Kirsty Williams, Cabinet Secretary for Education
Introduced in 2014, the National School Categorisation System provides a clear picture of how well schools in Wales are performing and the level of support they need to do better.
Today we have published the support categories for primary and secondary schools for a third year, as well as, for the first time, the support categories for special schools. This follows a rigorous regional and national moderation and verification process.
The purpose of the categorisation system is to identify what support our schools need to improve. It offers a holistic approach to school improvement, which allows the regional education consortia to take the context of the school into account when determining a judgement on the school`s self-evaluation and capacity to improve.
The system is about providing support and encouraging collaborative improvement and is not about labelling or creating crude league tables. It is about putting schools into a position that enables them to identify what the factors are that contribute to their progress and achievement or which areas to focus on to achieve further development.
The system is a three step model that is not purely data-driven but also takes into account the quality of leadership and teaching and learning in our schools:
- Step one is a data-driven judgement using an agreed set of performance measures,
- Step two begins with the school’s own self-evaluation of their capacity to improve in relation to leadership, teaching and learning,
- Step three is agreed between the local authority and regional education consortium and leads to a colour-coded support category for the school which will trigger a tailored programme of support, challenge and intervention.
The figures we have published today show that 84.4% of primary and 64.6% of secondary schools are now in the green and yellow categories. This increase from last year of 8.5 and 7.6 percentage points respectively is to be welcomed. These schools will have a key role to play in supporting other schools in Wales, by sharing their expertise, skills, and good practice. In this way they will be making a vital contribution to driving forward improvements in Wales and moving us towards a truly self-improving system.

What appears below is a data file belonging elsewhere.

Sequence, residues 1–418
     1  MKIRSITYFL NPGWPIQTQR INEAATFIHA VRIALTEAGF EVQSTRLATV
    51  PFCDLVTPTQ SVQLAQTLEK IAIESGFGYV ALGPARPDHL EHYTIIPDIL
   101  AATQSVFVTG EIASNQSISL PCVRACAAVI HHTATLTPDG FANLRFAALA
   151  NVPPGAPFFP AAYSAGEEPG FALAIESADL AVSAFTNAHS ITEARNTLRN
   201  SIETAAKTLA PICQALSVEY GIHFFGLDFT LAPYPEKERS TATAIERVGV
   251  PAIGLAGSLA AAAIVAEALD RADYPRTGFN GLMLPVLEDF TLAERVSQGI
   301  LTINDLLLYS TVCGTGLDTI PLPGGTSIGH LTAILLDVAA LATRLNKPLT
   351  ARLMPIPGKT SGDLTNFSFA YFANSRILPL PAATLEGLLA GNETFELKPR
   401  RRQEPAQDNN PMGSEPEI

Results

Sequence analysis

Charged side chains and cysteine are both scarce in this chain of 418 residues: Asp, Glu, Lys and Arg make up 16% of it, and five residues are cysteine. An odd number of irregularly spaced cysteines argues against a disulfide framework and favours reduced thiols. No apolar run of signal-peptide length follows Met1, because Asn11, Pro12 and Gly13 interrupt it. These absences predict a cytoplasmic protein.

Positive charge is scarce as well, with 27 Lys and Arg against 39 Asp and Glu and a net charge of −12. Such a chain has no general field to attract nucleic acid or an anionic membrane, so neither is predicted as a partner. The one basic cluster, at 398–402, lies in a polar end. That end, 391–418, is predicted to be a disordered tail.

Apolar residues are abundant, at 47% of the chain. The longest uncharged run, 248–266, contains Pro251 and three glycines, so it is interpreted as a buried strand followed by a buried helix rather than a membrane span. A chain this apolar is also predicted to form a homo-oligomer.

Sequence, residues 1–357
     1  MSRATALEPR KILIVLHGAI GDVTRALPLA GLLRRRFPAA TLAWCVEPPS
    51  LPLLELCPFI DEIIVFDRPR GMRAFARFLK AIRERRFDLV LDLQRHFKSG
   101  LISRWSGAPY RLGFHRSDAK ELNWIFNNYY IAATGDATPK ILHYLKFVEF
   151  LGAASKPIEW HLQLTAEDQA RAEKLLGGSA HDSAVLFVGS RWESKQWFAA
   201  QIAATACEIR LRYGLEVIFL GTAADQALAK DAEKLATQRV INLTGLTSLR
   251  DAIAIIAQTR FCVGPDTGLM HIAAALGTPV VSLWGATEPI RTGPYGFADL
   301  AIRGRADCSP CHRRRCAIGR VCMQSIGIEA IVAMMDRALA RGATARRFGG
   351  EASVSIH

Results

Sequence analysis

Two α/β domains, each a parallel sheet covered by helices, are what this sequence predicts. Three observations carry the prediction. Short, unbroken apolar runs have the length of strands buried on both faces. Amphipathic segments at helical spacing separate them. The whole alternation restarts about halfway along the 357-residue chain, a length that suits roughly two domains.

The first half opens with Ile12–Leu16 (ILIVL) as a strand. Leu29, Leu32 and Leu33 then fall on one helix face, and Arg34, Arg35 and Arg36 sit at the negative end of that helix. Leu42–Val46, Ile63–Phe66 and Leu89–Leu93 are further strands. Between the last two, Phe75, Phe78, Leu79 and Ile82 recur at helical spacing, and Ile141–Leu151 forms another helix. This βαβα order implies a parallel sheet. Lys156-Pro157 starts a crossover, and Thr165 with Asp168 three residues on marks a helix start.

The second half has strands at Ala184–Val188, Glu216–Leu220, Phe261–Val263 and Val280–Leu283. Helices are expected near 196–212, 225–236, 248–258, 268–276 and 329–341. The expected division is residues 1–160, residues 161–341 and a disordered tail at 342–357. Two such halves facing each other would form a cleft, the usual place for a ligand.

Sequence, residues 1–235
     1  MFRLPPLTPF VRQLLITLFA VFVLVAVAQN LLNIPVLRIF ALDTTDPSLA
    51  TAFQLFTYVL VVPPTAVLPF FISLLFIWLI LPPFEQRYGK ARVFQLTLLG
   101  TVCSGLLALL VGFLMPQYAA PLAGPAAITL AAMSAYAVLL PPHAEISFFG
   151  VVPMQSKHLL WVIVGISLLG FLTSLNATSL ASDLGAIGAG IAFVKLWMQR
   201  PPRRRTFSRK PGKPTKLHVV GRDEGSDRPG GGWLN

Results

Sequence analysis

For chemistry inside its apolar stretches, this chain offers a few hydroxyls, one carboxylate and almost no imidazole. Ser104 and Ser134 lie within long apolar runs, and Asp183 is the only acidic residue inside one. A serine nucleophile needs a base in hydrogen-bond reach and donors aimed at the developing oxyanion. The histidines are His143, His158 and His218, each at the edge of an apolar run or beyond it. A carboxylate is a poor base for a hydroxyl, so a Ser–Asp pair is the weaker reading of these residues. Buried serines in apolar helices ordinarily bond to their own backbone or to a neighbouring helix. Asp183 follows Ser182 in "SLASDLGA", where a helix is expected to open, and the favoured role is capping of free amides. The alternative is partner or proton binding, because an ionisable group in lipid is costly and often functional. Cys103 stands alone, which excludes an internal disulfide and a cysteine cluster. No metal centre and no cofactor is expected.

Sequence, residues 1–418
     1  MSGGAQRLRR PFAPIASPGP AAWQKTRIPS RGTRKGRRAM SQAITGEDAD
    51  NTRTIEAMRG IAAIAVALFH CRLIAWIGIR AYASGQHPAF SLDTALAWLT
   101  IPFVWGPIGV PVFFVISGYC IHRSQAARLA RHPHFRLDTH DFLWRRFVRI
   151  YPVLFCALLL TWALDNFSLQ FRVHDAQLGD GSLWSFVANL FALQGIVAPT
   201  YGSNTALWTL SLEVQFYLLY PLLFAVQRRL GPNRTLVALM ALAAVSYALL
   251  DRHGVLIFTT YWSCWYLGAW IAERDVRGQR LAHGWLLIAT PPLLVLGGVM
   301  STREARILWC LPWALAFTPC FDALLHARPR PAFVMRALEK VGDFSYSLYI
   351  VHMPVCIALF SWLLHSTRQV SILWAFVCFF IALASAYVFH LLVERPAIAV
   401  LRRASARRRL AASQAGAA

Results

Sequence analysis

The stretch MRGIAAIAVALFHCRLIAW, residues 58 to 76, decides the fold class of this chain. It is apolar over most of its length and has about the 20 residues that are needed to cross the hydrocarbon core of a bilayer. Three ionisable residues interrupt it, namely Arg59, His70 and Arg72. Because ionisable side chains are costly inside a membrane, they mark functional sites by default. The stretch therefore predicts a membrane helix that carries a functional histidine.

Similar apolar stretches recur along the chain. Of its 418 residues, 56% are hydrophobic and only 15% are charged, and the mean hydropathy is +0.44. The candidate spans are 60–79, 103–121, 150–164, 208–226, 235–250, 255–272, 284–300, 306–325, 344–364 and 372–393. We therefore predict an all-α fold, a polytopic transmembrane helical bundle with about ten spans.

Finally, it is worth reiterating that, in order to ensure a maintained focus on the performance of eFSM pupils, there is an agreed minimum standard for the performance of this group of learners in secondary schools. This was introduced for the 2015 outcomes and set at a level of 30% increasing incrementally to 32% in 2016 and 34% in 2017. This means that, where a school’s performance of eFSM learners is below the agreed minimum standard, the judgement in relation to their standards group will not be assessed as being better than a 3. If other indicators are good, and correlate with a strong consortia assessment at later steps, then a school can be awarded a yellow category at best. Therefore there will be no green schools in Wales who have not met the minimum standard of 32% (three year weighted average) for its free school meals pupils in 2016.
I am committed to continuing to use available evidence to help raise standards in our schools and improve outcomes for all of our learners. I will now ask my officials to work with our regional education consortia to consider the best way forward for categorisation to ensure the system remains fit for purpose in the evolving landscape of Welsh education.